Peace Movement’s Two Roles—Reducing Distress in a Big Way and Saving the Planet

Peace Knotted Gun UN United Nations

Violence causes massive distress in our daily life, as seen in children being beaten and abused, women suffering physical, sexual and emotional assault, school and workplace aggression, bullying, fighting, youth gangs, attacks and homicide as also violence against the self as seen in suicides, suicide attempts and self-harm. Not just the victims but also several of their near and dear ones experience enormous distress which often lasts for a long time. If all these aspects of violence in daily life are taken together, these together cause significant distress to almost one half of humanity in any given year.

In addition there is the violence of wider conflicts and wars. These also kill a large number of people, the average of the last century being around one million in a year, but many times more are seriously injured and disabled, displaced, or perish in famines and diseases related to war. These wars are getting increasingly dangerous, and can destroy most life on earth if even a small percentage of all accumulated weapons of mass destruction are used.

The role of the peace movement is to minimize the possibility of all these destructions and adverse impacts.

On the one hand it seeks to minimize the possibilities of various forms of violence including self-violence in daily life. So many efforts are already being made for this, but there may be problems in them. To give one example, to reduce possibilities of various forms of self-violence, there may be over-reliance on certain medicines whose benefits may also be exaggerated for economic gain. The role of the peace movement may be to provide a more evidence-based approach and also to provide a wider, holistic understanding of the social situation, helping to understand root causes of violence and also ways of reducing this.

If the peace movement is successful in this, then this will attract a large number of people who should be involved in various important peace activities such as inter-faith harmony and ensuring peace in communities at various levels. This mobilization of a large number of people for peace in daily life also provides increasing opportunities for mobilizing people on world peace, disarmament and minimizing the possibilities of war and conflict. Peace movements of various countries can cooperate with each other all the time to take this forward at world level, ultimately establishing the peace movement as a very important force for creating a better and safer world. One of the most important objectives should be to eliminate all weapons of mass destruction, to reduce all weapons, minimize the military industrial complex and ultimately to create a future without wars. If there is peace and stability, chances of cooperation for resolving serious environmental problems increase significantly. Hence both by eliminating weapons of mass destruction as well as by facilitating cooperation for resolving global environmental problems like climate change such a peace movement can contribute greatly to saving and protecting the life-nurturing conditions of our planet.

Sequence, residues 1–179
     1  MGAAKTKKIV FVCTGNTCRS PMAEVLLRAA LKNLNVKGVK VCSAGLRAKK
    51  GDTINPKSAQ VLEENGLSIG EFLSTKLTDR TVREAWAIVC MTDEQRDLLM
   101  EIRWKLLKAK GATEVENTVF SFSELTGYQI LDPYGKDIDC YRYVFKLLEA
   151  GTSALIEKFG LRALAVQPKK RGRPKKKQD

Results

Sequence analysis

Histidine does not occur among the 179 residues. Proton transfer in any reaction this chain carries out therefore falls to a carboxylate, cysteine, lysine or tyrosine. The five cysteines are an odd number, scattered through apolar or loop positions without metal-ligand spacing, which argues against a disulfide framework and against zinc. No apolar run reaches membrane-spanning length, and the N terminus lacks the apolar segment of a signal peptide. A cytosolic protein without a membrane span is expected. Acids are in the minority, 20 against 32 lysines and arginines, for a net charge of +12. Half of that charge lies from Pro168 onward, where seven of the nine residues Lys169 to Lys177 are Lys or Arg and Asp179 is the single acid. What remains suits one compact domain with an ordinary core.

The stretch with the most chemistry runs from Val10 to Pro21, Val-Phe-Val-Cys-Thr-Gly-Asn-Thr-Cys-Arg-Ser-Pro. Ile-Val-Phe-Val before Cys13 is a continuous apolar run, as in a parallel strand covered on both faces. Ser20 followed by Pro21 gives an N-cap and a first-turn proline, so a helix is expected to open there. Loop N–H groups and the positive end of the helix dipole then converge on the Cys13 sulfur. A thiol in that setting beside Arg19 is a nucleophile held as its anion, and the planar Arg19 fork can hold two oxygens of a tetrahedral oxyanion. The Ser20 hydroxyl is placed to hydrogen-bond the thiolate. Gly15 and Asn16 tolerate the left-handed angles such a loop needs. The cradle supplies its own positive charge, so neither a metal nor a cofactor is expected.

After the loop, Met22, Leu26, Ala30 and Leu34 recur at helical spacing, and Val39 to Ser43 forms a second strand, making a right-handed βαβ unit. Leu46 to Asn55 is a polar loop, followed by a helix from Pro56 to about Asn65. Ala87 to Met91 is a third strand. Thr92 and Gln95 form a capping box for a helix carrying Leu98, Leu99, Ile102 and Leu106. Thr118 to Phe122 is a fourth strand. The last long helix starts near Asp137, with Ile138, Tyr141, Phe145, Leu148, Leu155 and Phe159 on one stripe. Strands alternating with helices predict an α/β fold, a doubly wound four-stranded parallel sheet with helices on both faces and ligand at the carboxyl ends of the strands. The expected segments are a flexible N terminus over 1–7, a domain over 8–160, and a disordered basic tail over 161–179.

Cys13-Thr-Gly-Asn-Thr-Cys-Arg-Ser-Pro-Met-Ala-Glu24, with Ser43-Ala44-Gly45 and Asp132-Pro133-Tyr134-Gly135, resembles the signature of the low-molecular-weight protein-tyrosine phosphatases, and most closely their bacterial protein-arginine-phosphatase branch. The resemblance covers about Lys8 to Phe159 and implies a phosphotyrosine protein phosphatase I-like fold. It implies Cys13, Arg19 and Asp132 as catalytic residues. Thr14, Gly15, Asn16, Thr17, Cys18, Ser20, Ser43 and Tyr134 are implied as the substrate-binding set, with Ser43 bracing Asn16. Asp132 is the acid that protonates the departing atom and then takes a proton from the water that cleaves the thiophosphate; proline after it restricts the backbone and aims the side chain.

Hence these two important tasks of reducing violence in daily life in various ways should be integrated with the wider task of world peace and disarmament, thereby creating possibilities of millions and millions of people becoming a part of this movement.

Needless to add, durable peace is only possible if it is peace with justice and so the peace movement is inevitably committed to a world based on justice and equality.

So much care is taken to ensure that children and young adults are able to pursue education in accordance with their career interests. As violence is such an important cause of distress and destruction, why not give equal attention to ensuring that children and adolescents grow up with values and world-views based on peace with justice?

Nelson Mandela said—“Many who live with violence day in and out assume that it is an intrinsic part of the human condition. But this is not so. Violence can be prevented. Violent cultures can be turned around. In my own country and around the world we have shining examples of how violence has been countered. Governments, communities and individuals can make a difference…Safety and security don’t just happen: they are the result of collective consensus and public investment.”

Bharat Dogra is Honorary Convener, Campaign to Save Earth Now. His recent books include Protecting Earth for Children, Planet in Peril, Earth without Border, A Day in 2071 and Man over Machine. 


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